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Article ID: 702194

More than half a century after Civil Rights Act, work still to be done in quest for equal rights, says political scientist

DePaul University

While the U.S. civil rights movement is often said to have ended in 1968, the continued fight for equal rights for all Americans can be seen in today’s protests, said Valerie Johnson, an associate professor and chair of DePaul University’s Political Science Department in the College of Liberal Arts and Social Sciences.

Released:
15-Oct-2018 12:00 PM EDT

Law and Public Policy

Article ID: 702109

Sports Medicine Licensure Clarity Bill Signed into Law

American College of Sports Medicine (ACSM)

President Donald Trump has signed into law HR 302/S. 808, which includes the Sports Medicine Licensure Clarity Act that now paves the way for sports medicine practitioners to work across state lines with liability protections.

Released:
12-Oct-2018 8:05 AM EDT

Law and Public Policy

Article ID: 702094

Physics Model Finds That SCOTUS ‘Super Court’ Votes Are Non-Partisan

Cornell University

Eddie Lee, doctoral student in physics at Cornell University, applied a statistical physics model to a “Super Court” of 36 Supreme Court justices and 24 nine-member courts from 1946 to 2016 and found was that consensus dominates the court, and strong correlations in voting far outlast any one justice or court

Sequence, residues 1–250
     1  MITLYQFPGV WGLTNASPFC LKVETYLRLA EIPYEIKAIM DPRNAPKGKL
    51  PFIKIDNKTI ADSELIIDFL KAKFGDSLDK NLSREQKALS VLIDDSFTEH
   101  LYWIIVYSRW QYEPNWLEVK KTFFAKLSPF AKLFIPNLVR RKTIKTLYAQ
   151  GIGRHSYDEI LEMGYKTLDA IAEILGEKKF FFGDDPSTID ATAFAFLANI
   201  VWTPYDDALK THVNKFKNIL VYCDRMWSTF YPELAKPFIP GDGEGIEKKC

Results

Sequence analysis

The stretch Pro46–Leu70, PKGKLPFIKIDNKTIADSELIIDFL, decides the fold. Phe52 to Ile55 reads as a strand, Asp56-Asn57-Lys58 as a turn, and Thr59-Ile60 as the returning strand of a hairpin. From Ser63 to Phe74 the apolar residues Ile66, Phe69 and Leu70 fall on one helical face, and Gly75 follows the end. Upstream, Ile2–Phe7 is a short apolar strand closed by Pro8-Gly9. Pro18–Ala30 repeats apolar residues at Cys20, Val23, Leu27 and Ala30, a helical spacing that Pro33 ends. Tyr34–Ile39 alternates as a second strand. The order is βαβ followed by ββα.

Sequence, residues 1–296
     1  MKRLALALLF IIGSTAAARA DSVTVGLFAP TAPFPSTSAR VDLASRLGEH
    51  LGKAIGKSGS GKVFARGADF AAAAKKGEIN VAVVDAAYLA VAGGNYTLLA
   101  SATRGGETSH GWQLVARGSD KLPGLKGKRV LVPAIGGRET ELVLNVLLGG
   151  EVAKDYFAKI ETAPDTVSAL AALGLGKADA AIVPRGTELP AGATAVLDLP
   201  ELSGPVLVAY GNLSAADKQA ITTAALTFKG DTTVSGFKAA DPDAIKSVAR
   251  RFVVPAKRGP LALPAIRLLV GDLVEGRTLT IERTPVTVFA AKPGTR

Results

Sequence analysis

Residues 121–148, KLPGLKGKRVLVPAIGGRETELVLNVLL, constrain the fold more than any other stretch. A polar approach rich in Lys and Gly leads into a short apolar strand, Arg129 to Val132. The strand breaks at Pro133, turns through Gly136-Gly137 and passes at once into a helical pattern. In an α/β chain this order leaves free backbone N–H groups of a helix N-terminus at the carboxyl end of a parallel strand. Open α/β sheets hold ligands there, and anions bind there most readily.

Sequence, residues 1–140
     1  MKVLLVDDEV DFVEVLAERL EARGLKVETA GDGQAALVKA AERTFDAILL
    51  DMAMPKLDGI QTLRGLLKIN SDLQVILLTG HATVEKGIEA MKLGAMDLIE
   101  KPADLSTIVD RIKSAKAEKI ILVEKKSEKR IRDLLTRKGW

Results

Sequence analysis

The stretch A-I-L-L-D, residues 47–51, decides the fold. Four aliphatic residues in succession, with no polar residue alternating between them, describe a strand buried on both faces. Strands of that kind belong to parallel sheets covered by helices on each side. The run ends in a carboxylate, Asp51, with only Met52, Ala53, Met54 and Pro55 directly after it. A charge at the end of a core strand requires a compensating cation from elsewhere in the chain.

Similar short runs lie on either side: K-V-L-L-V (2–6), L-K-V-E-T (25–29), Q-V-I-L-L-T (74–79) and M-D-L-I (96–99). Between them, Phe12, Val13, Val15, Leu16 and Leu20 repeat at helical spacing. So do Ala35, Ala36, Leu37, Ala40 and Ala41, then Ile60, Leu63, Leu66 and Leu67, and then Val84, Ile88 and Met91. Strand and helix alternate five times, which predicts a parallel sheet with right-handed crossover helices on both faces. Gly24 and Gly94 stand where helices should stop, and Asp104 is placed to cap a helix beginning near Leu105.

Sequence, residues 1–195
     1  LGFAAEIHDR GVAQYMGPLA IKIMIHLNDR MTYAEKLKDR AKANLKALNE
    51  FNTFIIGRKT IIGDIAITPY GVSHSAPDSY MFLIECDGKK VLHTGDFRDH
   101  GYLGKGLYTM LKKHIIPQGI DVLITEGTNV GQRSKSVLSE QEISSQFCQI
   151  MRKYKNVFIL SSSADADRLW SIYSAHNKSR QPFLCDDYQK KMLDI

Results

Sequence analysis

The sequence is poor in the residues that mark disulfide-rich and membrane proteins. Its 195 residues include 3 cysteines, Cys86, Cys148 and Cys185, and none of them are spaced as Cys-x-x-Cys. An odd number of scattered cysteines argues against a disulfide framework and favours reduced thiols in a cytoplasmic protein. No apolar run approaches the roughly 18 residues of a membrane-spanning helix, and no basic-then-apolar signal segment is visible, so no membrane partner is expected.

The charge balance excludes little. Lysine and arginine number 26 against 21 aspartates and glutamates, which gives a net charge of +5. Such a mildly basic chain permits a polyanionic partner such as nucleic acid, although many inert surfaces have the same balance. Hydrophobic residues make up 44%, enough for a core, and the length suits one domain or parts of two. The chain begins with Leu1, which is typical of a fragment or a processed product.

Released:
11-Oct-2018 3:50 PM EDT

Law and Public Policy

Article ID: 701875

BW Poll Shows Tight Race for Ohio Governor, Support for Issue 1, Supreme Divide

Baldwin Wallace University

A Baldwin Wallace University statewide survey reveals that the Ohio governor’s race is a statistical tie. In a two-way race, DeWine holds a 42% to 40% advantage over Democrat Richard Cordray among voters stating a preference. More than 18% say they remain unsure about how they will vote for governor.

Released:
9-Oct-2018 9:00 AM EDT

Law and Public Policy

Article ID: 701827

Political Scientist Carol Nackenoff on Fraught Consequences of Kavanaugh Confirmation

Swarthmore College

On Saturday afternoon, Judge Brett Kavanaugh was confirmed to the Supreme Court by a 50-48 vote in the Senate, almost strictly along party lines. Marked by allegations of sexual assault and sustained partisan acrimony

Released:
8-Oct-2018 2:05 PM EDT

Law and Public Policy


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